Quick-service giant reaches for the cloud — Amazon’s cloud
Amazon’s cloud computing platform is helping Dunkin’ Brands secure its customer-facing processes.
Dunkin’ Brands, parent company of Dunkin' Donuts and Baskin-Robbins, migrated its mobile applications, e-commerce websites, and key corporate IT infrastructure applications from on-premises infrastructure to the Amazon Web Services (AWS) cloud platform. The transition is designed to help the brand increase scalability, reliability, availability, security, reduce costs, and improve the digital experience for customers across both brands.
The company has a number of digital customer-facing applications, such as its mobile apps and e-commerce websites, which Dunkin’ Donuts and Baskin-Robbins customers frequently use to review the menu, order ahead, and redeem rewards, pay for orders or send virtual gift cards.
In addition to providing high performance, reliability, and security across these touch points, AWS has enabled Dunkin’ Brands to maintain high availability during peaks in usage. For example, key events such as National Donut Day and popular timeframes such as the holiday season drive significant volume peaks across these key applications.
However, it was increasingly difficult to predict and manage the on-premises capacity needed to provide an optimal digital experience for its guests during these times. AWS solves the issue, since support easily and reliably scales up and down as needed. The company has also migrated internal corporate IT infrastructure applications to AWS to reduce costs and increase availability, according to Dunkin’ Brands.
The company began its migration to AWS with development and test workloads and websites. After benefiting from lower costs, faster innovation rates, and improved reliability, Dunkin’ Brands migrated critical, customer-facing and corporate IT infrastructure applications, according to AWS.
“Our mobile applications and digital properties are an absolutely critical way through which we reach our customers, and they must be secure, available, and high performing at all times,” said Santhosh Kumar, VP, infrastructure, data security and privacy at Dunkin’ Brands. “We selected AWS as our cloud infrastructure provider for these key business applications due to the depth and breadth of the AWS services, and their experience in securely managing enterprise applications.”
AWS also provides Dunkin’ with redundancy that helps the chain meet its goals of high reliability and availability, robust security and optimal performance for our applications, and the ability to quickly add capacity on demand when needed, Kumar added.
Office supplies chain sheds more of its international businesses
Office Depot continues to make good on its promise to focus on its North American business.
The company announced it has reached an agreement to sell its business in Australia and New Zealand to Platinum Equity, a global private equity firm. The transaction is subject to regulatory approval in each country and is expected to close within the next several months.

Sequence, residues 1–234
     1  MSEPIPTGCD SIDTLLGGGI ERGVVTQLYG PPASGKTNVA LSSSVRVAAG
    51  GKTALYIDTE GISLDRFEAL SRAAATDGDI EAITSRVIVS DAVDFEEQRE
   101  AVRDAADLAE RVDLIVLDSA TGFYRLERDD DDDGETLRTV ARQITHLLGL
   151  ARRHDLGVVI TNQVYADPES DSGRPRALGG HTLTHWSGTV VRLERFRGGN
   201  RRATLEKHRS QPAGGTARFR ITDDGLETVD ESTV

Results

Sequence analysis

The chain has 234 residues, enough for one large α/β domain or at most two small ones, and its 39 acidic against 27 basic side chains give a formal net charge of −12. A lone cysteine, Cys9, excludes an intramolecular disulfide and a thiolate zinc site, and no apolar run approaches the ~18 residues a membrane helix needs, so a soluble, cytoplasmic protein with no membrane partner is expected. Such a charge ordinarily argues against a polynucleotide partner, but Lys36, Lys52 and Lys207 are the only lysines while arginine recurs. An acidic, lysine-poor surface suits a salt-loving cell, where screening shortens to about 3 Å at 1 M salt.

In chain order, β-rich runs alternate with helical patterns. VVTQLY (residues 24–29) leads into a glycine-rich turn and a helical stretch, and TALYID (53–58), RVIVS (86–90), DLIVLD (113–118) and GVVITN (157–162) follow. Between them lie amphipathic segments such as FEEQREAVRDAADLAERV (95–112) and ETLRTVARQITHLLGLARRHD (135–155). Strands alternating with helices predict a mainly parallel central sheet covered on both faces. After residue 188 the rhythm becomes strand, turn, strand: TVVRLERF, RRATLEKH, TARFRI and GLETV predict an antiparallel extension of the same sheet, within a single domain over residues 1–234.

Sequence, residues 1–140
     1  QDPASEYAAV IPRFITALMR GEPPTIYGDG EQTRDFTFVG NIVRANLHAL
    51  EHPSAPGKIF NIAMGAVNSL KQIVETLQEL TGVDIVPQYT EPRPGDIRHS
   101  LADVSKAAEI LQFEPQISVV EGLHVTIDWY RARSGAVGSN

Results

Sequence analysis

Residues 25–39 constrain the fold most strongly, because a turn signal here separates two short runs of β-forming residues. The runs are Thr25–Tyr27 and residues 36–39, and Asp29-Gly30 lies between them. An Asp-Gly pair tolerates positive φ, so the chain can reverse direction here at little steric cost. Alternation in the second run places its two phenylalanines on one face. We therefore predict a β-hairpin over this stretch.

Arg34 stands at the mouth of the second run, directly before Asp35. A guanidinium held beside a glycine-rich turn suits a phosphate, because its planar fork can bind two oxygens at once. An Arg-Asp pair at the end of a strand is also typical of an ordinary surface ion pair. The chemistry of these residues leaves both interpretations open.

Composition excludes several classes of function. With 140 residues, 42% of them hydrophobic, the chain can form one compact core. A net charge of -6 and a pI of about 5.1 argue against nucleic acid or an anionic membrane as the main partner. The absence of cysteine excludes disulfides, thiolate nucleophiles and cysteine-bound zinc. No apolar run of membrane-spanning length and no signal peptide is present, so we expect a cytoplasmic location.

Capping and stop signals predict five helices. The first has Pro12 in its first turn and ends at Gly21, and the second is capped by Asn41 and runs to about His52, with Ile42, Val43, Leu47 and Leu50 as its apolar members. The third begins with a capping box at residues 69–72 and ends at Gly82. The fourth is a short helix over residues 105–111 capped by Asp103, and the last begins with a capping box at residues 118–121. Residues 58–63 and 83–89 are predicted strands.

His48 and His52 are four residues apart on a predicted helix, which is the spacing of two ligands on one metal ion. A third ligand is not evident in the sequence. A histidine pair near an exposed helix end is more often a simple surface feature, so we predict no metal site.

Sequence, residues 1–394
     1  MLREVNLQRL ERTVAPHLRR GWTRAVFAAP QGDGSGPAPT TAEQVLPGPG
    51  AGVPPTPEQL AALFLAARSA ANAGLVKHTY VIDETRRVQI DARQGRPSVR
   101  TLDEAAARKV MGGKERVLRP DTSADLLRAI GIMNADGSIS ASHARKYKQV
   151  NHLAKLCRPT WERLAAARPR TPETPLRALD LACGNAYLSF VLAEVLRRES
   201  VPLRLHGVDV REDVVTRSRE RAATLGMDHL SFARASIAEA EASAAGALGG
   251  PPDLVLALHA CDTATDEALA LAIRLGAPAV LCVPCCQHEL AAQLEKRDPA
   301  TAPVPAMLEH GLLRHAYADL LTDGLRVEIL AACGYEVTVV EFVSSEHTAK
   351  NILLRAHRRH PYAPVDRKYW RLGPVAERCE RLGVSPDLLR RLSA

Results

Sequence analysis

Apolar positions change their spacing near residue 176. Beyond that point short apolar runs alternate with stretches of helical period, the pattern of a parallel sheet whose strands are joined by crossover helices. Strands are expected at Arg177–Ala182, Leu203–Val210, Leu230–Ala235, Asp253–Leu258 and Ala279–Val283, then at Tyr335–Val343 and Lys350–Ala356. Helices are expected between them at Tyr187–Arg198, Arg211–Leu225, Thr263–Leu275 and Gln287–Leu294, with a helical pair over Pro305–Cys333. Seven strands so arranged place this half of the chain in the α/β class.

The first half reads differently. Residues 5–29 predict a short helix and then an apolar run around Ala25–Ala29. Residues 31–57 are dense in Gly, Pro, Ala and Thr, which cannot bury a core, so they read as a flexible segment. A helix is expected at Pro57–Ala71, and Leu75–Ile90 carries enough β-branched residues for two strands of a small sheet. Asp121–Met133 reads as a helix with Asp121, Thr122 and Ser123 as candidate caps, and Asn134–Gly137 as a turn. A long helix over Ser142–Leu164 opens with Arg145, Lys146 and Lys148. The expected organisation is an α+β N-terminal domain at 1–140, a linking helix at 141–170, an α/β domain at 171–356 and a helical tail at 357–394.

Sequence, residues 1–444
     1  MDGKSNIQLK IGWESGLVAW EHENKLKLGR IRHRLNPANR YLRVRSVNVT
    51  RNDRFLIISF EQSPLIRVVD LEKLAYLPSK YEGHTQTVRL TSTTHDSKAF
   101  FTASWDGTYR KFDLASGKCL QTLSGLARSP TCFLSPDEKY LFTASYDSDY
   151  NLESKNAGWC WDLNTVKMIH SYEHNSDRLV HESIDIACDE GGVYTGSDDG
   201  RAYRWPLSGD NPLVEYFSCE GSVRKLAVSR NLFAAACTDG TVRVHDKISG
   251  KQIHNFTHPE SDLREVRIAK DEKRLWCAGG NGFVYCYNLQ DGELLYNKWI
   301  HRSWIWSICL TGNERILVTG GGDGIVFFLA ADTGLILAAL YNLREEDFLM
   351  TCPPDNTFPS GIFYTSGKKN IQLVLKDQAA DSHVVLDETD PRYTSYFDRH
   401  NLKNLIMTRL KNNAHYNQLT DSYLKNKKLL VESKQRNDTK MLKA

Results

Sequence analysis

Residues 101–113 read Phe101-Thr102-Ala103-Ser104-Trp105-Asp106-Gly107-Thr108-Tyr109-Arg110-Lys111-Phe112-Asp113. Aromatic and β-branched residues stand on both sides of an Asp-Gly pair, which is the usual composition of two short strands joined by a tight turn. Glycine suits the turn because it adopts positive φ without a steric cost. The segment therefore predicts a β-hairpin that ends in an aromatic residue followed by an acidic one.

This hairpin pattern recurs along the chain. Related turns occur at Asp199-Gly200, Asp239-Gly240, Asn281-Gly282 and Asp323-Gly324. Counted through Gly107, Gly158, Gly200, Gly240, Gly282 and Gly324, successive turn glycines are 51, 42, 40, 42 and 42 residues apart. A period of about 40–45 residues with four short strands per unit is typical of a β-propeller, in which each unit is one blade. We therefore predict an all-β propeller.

Office Depot had previously disclosed its intention to sell substantially all of its international businesses under a process that began in 2016. Earlier this year, the chain completed the sale of its European operations to The Aurelius Group.
“I’m very pleased that we were able to reach a favorable agreement to sell the Australia and New Zealand businesses to Platinum Equity,” said Gerry Smith, CEO, Office Depot. “The proceeds from this transaction will further enhance our financial flexibility as we focus on our strategic initiatives to grow our North American business.”
Three retailers step up shopper engagement with bots
FreshDirect, Subway and The Cheesecake Factory have added a new item to their menus — conversational commerce.
Through a partnership with MasterCard, the three brands are now using artificial intelligence (AI)-based bots to enable consumers to browse menus, build orders and securely checkout via Masterpass — all without leaving the Messenger chat-based platform.
For example, on online fresh food grocer FreshDirect, the bots enables customers to browse, shop and purchase groceries directly within Messenger. Meanwhile, Subway customers can use the bot to order their sandwich or salad order, and even add sides, toppings, snacks and drinks, and then pay for their meal through the chat app. The bot is currently available in more than 26,500 Subway restaurants in the United States.
The Cheesecake Factory is taking a different approach. By merging CashStar’s real-time gifting capability, which instantly approves and activates gift cards, the chain’s bot assists consumers as they purchase personalized gift cards directly through Messenger.
“Through this commerce-enabled bot we are able to leverage a new engagement channel with our guests,” said David Gordon, president of The Cheesecake Factory. “The bot experience delivers the convenience of customizing a gift card through Messenger integrated with Masterpass payment functionality to enable a simplified checkout experience.”
The bots support all Masterpass-enabled wallets from banks including Citi and Capital One.